Is it really that simple?  You just have to DO IT?

Yes, yes, yes!  It is really that simple!

The plan takes a holistic approach to money where you focus on:




How we were so successful paying off our debt

How were we so successful with the plan?

We were at a point where we were not going to compromise. We had celebrated our 25th anniversary, and our youngest moved out. We were in a full-blown identity crisis and knew our debt was holding us back.

We wanted to start living our dreams and checking experiences off our bucket list, but we did not have the money to fund those dreams.

We mutually decided we wanted a life-changing experience and not just a financial diet and so we started running through our numbers. We opened joint bank accounts and started prioritizing by identifying the things that really bring us joy.  We then decided those expenses would never be cut.  

Living a frugal DIY life did not sound appealing, and neither one of us wanted to turn into the unhappy coworker; brownbag lunches and carpooling were out of the question.

So how were we so successful?  We were so successful because we were ready to design the life of our dreams!

The Dave Ramsey Formula for financial peace

When Dave was 26-years-old, he had amassed a net worth of a million dollars, a monthly income of $20,000, and about $4 million in real estate. The problem? He had a ton of short-term debt.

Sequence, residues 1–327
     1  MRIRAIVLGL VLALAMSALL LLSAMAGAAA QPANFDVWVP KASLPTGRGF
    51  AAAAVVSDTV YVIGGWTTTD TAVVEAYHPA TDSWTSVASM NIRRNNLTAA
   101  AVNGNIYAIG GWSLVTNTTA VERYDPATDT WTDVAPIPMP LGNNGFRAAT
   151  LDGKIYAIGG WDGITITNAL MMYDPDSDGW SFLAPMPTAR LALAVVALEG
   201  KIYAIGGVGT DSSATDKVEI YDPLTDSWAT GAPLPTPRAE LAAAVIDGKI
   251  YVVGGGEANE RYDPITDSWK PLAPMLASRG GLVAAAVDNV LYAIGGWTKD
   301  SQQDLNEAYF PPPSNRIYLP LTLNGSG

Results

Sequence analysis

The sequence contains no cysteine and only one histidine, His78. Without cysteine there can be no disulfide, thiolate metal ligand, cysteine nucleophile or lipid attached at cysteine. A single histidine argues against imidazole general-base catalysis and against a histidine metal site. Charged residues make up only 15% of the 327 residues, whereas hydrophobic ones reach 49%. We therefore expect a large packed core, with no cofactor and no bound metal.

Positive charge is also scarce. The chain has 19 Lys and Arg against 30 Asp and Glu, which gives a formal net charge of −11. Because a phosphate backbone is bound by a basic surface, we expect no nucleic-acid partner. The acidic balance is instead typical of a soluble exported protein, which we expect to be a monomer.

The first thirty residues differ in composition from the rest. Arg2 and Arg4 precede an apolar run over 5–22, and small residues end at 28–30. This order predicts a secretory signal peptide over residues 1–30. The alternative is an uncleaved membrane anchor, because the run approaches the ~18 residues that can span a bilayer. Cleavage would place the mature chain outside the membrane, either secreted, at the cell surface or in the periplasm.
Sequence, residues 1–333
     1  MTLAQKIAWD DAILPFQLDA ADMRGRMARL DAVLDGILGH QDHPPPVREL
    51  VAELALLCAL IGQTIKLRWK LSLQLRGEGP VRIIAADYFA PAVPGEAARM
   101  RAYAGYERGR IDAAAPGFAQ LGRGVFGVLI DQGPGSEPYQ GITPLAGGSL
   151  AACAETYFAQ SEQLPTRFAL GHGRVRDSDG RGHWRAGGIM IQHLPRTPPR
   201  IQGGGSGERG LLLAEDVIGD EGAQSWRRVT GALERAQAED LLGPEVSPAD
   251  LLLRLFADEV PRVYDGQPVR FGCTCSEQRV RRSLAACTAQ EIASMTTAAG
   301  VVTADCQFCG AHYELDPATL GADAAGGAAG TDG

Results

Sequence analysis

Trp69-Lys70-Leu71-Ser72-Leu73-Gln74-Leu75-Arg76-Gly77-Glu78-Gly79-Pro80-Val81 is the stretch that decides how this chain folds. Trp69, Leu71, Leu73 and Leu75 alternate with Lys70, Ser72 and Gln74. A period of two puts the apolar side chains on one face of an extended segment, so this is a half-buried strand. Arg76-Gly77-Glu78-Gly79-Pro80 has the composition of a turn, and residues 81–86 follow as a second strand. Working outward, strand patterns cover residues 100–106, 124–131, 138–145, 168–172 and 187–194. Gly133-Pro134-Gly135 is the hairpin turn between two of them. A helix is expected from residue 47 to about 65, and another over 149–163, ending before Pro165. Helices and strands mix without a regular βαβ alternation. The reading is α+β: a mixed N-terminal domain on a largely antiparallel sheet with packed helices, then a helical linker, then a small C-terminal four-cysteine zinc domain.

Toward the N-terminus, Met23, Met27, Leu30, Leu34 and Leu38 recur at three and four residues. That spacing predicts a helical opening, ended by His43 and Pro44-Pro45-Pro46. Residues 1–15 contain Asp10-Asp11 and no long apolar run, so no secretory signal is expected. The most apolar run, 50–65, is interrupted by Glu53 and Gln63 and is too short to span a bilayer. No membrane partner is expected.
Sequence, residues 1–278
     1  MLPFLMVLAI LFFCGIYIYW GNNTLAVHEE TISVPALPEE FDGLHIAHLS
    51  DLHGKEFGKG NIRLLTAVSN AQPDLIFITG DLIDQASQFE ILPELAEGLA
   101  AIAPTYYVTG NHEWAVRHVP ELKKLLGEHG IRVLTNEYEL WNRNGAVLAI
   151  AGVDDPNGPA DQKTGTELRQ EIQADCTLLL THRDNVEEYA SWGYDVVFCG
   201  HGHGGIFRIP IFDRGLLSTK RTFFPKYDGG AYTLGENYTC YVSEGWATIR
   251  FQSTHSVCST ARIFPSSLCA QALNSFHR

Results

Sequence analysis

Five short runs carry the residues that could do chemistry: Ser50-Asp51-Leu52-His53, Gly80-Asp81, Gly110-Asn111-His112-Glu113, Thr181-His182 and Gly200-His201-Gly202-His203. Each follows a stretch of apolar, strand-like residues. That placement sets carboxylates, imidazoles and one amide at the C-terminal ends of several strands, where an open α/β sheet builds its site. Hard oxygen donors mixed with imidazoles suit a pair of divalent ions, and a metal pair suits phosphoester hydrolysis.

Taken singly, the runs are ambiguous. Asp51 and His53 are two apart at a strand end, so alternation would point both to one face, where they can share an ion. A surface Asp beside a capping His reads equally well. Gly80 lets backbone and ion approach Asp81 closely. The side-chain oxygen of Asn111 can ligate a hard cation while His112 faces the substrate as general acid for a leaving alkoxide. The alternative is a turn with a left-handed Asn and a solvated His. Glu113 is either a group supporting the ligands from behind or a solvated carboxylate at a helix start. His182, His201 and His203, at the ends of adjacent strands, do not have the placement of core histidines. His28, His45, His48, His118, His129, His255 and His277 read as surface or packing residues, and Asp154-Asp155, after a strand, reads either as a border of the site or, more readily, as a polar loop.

The short-term debt caught up to him, and over a two and a half years period, he lost everything and had to file bankruptcy. With a new baby at home, he was devastated. He needed to figure his stuff out big-time!

He realized his story was not unique. He started paying attention to his finances and hanging out with people who knew how to make money. Before he knew it, he was sharing his knowledge with others.

He ended up writing the book Financial Peace and started selling it out of his car. The book, Financial Peace, set the roadmap for his massively successful debt pay off program called The Baby Steps.

In my first book, Financial Peace, there is a chapter entitled “Baby Steps,” the premise of which is that we can do anything financially if we do it one little step at a time. – Dave Ramsey, Total Money Makeover

What are the 7 Baby Steps?

From small beginnings to the Ramsey empire we know of today, net worth: $55 million, Dave has changed lives one step at a time. Dave is a real success story of an individual who took their lemons and made lemonade.

This success mainly in part because of the simplicity of his 7 Baby Steps:

  1. Save $1,000 for a Starter Emergency Fund
  2. Pay off all of your debt except for your mortgage using the Snowball method
  3. Build an Emergency Fund that could pay for 3-6 months worth of expenses
  4. Invest 15% of your income into your retirement
  5. Save for your kid’s college
  6. Pay off your mortgage early
  7. Build wealth and give

The 7 Baby Steps are not only simplistic in nature, but it is also a process that teaches you how to manage money and change your financial future. You just have to follow the plan!